Baby boomers have money to burn, and are destined to control at least 70% of consumer spending by 2017. So far, however, their potential has been largely untapped by marketers, who can't figure out how to sell boomers what they need.

Real estate developers, however, have focused on what boomers want -- and are reaping the rewards for that farsightedness.

The money to live their dreams
Boomers with loads of money are willing to spend it freely to attain the lifestyle they feel they have earned. Developers of condo and apartment complexes have been designing living spaces based upon specific lifestyle choices, and have met with resounding success.

On the West Coast, communities are springing up that cater to those who integrate bicycle riding into their everyday lives. These developments draw in boomers, as well as millennials, who pay about $2,500 per month for apartments that feature wider-than-normal doorways and halls that accommodate bike-toting residents. 

A booming market: boomers with hobby vehicles
In Florida, retirement communities are being planned to appeal to specific segments of the over-50 crowd. One of these so-called "niche" communities markets itself to boomers who have a special affinity for vehicles, such as RVs, motorcycles, and classic cars.

Located on 400 acres in central Florida, Lake Weir Preserve is envisioned as a 500-home community that supplies something that other retirement campuses lack: storage for large, expensive, or hobby vehicles. Garages can vary in size from 900 to 4,000 square feet, and are completely customized, as are the houses. While more modest homes start at about $190,000, buyers with special designs can expect to pay up to $500,000. So far, 26 houses have been built and occupied.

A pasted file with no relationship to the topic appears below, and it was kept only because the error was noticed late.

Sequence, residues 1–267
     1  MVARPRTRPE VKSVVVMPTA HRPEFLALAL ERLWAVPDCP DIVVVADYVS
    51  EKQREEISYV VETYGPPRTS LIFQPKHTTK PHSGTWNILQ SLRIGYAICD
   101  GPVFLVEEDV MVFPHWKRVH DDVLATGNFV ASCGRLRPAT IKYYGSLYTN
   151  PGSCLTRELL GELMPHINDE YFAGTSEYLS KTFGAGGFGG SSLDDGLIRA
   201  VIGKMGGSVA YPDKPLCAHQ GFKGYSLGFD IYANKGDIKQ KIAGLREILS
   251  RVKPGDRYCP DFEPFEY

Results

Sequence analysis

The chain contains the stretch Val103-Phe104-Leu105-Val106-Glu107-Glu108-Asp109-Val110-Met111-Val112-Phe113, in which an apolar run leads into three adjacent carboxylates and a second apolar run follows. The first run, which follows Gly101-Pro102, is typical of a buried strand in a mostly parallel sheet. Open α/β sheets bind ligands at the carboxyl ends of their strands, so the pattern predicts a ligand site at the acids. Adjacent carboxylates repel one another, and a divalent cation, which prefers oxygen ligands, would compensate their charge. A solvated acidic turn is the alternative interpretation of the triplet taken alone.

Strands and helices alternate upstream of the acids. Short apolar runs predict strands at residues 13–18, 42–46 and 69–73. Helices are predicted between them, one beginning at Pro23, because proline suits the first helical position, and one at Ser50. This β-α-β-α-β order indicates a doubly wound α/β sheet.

With RV ownership increasing every year, the developers feel certain that Lake Weir will be a profitable enterprise for many years to come. An extra bonus is the wealth of the community's target audience -- most are cash buyers who are active in the design of their home and willing to pay extra for the amenities they desire.

Car condos for the well-wheeled
One of the most extravagant shelters for the vehicles of the most affluent boomers is the car condo offered by AutoMotorPlex. Billed as "a place built for enthusiasts by an enthusiast," the original site, situated on 40 acres outside of Minneapolis, has since grown to locations near Kansas City, Kan., and a planned complex in Naperville, Ill. 

These units are a car lover's dream. A Bloomberg profile of this new trend describes one 54-year-old man's automobile cave as costing $0.6 million to purchase and personalize, melding living space with a kind of classic car showroom. Now he can relax on his sofa, sipping wine from his in-condo wine cellar, as he gazes lovingly at his Ferrari F430 parked a few feet away.

AutoMotorPlex points out the many amenities: an on-site clubhouse for schmoozing with like-minded enthusiasts, a high level of security, restaurant catering, and a "low association fee." The rising popularity of such car condos could also turn out to be a good investment for owners, who might someday sell these residences for a tidy profit.

While the rest of the advertising world flounders in its attempts to capture the lucrative baby boomer market, these developers are profiting by offering wealthy boomers something that enriches their lives -- and, importantly, something they can't find elsewhere. For savvy niche marketers, exploring the untapped dreams of the baby boomers just might unearth a goldmine.